OSU’s History of Science Program congratulates three of our graduate student veterans this term, as they advanced to candidacy during Week 10.  They now have the vaunted status of “ABD,” which either means “all but dissertation” or “anything but dissertation,” depending on how you look at it 🙂  It was a pleasure to be part of the process getting them to this stage, and now all three have launched into intensive research:

Rachel Blake is working on the history of science and medicine, under Prof. Michael A. Osborne.  Her dissertation will be on French and German influences on medical education in Alsace in the late nineteenth and early twentieth centuries.

Barbara Canavan is working on the history of science, disease, and environment, under the supervision of Prof. Anita Guerrini.  Her dissertation will be on the development of virology as a discipline, and on the networks of scientists who attempted to understand avian influenza.

Laura Cray is working on the history of biology and environment, under the supervision of Prof. Michael A. Osborne. Her dissertation will be on entomological research in the United States after the creation of land-grant colleges.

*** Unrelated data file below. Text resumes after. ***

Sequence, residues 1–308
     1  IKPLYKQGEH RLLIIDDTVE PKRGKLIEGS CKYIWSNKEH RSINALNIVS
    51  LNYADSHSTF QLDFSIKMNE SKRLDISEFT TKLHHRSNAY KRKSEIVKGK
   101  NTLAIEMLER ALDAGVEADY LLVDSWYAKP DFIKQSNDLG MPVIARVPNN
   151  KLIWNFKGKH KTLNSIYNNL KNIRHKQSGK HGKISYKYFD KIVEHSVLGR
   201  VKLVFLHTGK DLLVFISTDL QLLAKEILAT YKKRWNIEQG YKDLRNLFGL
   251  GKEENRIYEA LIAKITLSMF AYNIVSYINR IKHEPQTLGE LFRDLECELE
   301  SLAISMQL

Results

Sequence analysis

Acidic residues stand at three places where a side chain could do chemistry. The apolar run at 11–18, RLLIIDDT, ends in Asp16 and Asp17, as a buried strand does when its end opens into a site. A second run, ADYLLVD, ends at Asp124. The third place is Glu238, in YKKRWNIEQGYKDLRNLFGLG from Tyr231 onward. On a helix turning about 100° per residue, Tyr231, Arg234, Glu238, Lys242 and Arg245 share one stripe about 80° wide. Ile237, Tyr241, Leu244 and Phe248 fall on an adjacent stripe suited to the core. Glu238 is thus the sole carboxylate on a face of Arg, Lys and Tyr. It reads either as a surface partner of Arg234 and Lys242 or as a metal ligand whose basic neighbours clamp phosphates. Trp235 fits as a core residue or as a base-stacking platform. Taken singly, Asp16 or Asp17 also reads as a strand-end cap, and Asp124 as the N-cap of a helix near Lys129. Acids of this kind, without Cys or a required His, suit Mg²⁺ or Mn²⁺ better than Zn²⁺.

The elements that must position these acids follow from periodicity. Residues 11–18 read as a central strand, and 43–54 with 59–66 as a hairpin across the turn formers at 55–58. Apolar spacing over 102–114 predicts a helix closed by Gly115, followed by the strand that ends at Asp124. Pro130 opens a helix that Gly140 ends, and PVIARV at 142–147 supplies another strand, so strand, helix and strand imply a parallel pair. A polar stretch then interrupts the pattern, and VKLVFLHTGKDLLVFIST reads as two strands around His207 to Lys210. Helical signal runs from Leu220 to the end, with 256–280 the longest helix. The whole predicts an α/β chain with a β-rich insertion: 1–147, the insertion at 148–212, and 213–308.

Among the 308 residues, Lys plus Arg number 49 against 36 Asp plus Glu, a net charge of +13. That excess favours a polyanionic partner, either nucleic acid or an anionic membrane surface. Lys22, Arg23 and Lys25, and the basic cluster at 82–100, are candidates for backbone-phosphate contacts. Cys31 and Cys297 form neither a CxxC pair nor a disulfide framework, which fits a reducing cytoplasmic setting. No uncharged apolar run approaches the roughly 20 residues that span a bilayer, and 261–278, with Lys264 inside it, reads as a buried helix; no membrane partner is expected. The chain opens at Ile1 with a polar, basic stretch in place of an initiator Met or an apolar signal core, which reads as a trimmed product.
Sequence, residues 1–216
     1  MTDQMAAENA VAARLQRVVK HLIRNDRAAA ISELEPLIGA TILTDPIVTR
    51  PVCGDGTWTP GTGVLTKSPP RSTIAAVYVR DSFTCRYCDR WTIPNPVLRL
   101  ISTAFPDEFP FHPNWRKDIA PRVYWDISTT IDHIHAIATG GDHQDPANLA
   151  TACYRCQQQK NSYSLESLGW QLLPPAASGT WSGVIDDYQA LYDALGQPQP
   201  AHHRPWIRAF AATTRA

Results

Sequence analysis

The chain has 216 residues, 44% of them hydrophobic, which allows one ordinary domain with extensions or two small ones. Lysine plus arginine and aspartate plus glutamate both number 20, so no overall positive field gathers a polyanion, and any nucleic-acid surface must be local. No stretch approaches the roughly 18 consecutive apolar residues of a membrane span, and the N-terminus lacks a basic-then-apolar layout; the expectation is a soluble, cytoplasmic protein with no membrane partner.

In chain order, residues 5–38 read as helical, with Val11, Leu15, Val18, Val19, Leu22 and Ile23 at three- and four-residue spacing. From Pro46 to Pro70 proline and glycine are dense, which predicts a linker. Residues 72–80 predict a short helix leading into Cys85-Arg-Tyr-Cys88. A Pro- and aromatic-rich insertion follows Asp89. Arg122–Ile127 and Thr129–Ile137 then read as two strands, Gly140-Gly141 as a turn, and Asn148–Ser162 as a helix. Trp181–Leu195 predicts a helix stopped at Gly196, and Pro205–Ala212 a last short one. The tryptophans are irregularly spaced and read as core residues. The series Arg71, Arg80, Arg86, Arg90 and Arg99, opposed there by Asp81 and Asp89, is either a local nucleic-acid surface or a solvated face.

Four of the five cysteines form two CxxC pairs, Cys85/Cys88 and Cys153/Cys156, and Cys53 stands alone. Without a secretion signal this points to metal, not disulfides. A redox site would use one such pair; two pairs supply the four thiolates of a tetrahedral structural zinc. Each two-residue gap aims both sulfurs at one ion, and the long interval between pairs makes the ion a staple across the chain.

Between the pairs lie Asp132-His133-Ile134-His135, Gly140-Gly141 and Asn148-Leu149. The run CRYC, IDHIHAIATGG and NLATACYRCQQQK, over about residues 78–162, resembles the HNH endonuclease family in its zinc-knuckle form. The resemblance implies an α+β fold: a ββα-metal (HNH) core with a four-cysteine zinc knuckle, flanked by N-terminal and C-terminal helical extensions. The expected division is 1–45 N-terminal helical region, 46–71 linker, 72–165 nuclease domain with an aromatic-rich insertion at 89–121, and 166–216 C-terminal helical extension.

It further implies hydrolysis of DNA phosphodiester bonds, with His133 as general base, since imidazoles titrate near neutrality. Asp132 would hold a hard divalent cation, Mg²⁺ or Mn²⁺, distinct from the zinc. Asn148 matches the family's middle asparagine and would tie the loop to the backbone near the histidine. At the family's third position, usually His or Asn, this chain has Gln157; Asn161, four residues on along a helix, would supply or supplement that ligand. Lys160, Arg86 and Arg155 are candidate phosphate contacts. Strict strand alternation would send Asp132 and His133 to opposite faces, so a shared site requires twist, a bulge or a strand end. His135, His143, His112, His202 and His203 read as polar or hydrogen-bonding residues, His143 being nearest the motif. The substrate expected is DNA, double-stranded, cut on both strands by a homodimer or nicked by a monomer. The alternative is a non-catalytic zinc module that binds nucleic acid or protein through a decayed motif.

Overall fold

Congrats to all three, and to Professors Osborne and Guerrini, for their hard work in graduate supervision.

Carl Troll (1899-1975)

by Jindan Chen*

What were German geographers up to under the Third Reich from 1933 to 1945? What were their researching emphases in this period? How did politics and World War II influence the development of geography in Germany? With these questions in mind, I came across Carl Troll’s review article, “Geographic Science in Germany during the Period 1933-1945: A Critique and Justification” (Die geographische Wissenschaft in Deutschland in den Jahren 1933 bis 1945: Eine Kritik und Rechtfertigung). Carl Troll was a German geographer during the administration of Third Reich. Continue reading